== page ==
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The RSV vaccine shortage is majorly affecting parents and babies across the U.S.

Baby getting vaccine
Tran Van Quyet/Getty

The new RSV vaccine was supposed to be a gamechanger for pregnant people, parents of infants and children under 5 years old, and people over 60 years old. But there’s currently a shortage and it’s extremely hard to get, causing stress and anxiety for thousands across the United States during the peak of RSV season.

Sanofi and AstraZeneca, the manufacturers of the vaccine, grossly underestimated the demand that parents and pediatricians would have for this drug, according to The 19th, an independant and nonprofit newsroom. However, the website reported, “Sanofi has made more immunizations available, releasing another 77,000 doses of the drug this past November, and putting out 230,000 additional ones this week.”

The White House met with the manufacturers because of this shortage, and said they’re continuing to have ongoing conversations about the importance of “proactively planning to increase availability,” and how to ensure this shortage doesn’t happen again for the 2024-25 viral season.

“The Administration will continue this work to ensure every family that needs an RSV immunization can access it,” the White House statement said.

The vaccine is hard to allocate, because it’s made in 50 mg and 100 mg doses. The 50 mg dose is  for infants less than 11 pounds, and the 100 mg for everyone else, according to The 19th. It’s hard for doctors to predict how many babies they will see who weigh less than 11 pounds, versus how many would require the larger dose. This makes it difficult to order the correct amounts, the website said.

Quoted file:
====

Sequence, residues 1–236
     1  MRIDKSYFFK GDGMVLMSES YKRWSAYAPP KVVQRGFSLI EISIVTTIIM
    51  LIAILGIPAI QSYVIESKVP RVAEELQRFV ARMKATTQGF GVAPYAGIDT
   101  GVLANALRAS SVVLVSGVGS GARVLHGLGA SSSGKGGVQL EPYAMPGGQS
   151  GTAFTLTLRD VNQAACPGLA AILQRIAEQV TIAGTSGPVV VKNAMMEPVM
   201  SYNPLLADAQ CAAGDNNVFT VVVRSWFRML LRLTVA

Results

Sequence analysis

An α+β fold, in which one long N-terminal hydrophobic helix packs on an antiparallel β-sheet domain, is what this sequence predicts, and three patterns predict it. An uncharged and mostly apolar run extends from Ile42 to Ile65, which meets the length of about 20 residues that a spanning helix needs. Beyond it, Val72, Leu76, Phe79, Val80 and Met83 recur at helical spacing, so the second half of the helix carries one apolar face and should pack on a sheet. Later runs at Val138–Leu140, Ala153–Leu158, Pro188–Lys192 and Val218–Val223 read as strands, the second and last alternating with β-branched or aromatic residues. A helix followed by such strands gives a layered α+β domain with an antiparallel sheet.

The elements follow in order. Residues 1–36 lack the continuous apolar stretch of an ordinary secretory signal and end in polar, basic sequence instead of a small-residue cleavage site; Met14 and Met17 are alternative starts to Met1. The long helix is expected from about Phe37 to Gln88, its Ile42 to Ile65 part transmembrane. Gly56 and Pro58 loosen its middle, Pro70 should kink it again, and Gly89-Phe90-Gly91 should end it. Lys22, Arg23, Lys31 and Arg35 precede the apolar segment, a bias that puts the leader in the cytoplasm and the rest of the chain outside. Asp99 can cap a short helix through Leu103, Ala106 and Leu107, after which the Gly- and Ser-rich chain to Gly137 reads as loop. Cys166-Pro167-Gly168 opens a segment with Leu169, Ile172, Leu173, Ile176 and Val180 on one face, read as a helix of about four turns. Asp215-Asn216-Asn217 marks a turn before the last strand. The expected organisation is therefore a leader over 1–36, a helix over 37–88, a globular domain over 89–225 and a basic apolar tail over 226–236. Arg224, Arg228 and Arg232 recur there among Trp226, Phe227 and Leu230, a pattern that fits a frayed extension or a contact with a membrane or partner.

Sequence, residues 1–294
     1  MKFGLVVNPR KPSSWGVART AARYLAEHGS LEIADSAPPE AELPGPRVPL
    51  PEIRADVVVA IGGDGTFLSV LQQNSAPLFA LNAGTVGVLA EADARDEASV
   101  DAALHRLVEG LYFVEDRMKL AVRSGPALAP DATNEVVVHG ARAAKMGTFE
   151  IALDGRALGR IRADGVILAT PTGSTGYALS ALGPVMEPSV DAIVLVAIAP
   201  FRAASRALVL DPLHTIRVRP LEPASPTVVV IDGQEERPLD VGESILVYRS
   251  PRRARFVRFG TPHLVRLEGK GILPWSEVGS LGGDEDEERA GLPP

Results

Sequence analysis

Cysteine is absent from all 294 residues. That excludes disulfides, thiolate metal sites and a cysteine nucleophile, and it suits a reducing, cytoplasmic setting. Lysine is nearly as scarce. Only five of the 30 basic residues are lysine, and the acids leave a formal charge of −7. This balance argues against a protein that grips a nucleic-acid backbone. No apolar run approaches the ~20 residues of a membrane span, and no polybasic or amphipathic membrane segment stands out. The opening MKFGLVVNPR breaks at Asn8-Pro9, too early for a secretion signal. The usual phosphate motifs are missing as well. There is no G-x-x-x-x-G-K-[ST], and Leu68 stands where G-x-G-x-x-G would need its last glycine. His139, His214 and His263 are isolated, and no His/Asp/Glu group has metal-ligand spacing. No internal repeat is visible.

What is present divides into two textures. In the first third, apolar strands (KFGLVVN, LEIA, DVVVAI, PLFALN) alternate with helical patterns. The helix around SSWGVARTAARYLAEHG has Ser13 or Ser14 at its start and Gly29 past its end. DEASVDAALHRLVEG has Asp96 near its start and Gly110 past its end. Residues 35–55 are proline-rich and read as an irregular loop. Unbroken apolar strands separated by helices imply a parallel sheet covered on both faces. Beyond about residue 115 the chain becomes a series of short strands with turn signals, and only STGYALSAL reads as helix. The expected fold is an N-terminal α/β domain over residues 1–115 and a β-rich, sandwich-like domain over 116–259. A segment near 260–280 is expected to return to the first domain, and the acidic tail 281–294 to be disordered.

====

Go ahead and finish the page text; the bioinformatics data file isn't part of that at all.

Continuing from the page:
However, the website does note that they’re starting to distribute the vaccine directly to hospitals, so babies can get it right away while they’re there. While this makes it harder for pediatricians to give it to older kids, it does help infants, who are more affected by the virus.

RSV infections typically spike during the winter months, and the symptoms can be life threatening for infants and young children (and older individuals) if not treated, according to the American Lung Association. The disease affects approximately 97% of children by the age of 2 years old, per the association’s website, but it is often overlooked at first because it presents like a common cold. It can become severe quickly however, and is the leading cause of hospitalization in all infants, as RSV can cause pneumonia and bronchiolitis in young children, according to NPR. 
RSV symptoms include a sore throat, cough, a runny nose, and headache, according to the American Lung Association. But more severe symptoms include shortness of breath, a worsening cough, high fever, high fever, wheezing, and a bluish tint to the skin.